Joe Johnston and Chris Evans do Cap right, and deliver in a big way. Not to mention that for the first time so far, we get in Haley Atwell’s Peggy Carter a female who’s tough, smart, savvy, sexy, and no pushover, even for the tall, blonde, hunk that is our hero. The supporting cast is nothing short of awesome, and includes Stanley Tucci, Tommy Lee Jones, and the inestimable Hugo Weaving as the Red Skull, who makes Hitler and the Nazis look strictly minor-league. The film and its hero are indeed Capra-esque. When asked by the aristocratic, highly educated, fanatical Red Skull why he was chosen to receive the super-soldier serum, what makes him so special, Cap replies with a small grin, “Nothin’. I’m just a kid from Brooklyn.” In the end it is this that sums up Captain America and makes the film work. Increased strength, dexterity, stamina, memory, etc are all well and good, but what makes Cap a hero isn’t any of that. Steve Rogers is a good man. And that is the difference.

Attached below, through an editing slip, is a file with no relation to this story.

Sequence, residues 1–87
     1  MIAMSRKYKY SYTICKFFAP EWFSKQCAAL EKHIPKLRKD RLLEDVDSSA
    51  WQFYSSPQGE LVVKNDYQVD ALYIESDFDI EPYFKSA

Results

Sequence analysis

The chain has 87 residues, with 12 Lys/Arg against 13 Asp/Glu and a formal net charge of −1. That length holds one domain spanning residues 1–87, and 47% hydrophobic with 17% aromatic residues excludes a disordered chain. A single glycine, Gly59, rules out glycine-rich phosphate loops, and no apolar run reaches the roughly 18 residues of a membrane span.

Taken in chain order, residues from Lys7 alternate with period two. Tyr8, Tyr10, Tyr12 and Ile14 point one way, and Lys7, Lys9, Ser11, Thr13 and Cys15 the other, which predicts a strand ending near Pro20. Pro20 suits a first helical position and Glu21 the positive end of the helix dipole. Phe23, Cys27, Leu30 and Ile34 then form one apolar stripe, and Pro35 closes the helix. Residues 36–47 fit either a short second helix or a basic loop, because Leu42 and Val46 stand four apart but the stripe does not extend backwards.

Wednesday, July 20, 2011

Reading on the Mind

There has been an unintentional theme to some of my reading lately, revolving around ideas of mind, thought, will, consciousness, and language. Unsurprisingly, two of the three books I propose to write about today fall into the science fiction category. Unsurprisingly because SF is one of the few fiction genres still able to ask the big questions like “what is consciousness?”, “how does language work?”, “do humans have free will?”, and the like. Indeed, the great and tragic Philip K. Dick made a career out of repeatedly asking “what is human?” and “what is God?” Those who dismiss SF as mere genre fiction miss a rather crucial part of the continuing human attempt to make sense of who we are and what – if anything – that may mean. That being said, Readers Mine, let’s get down to cases.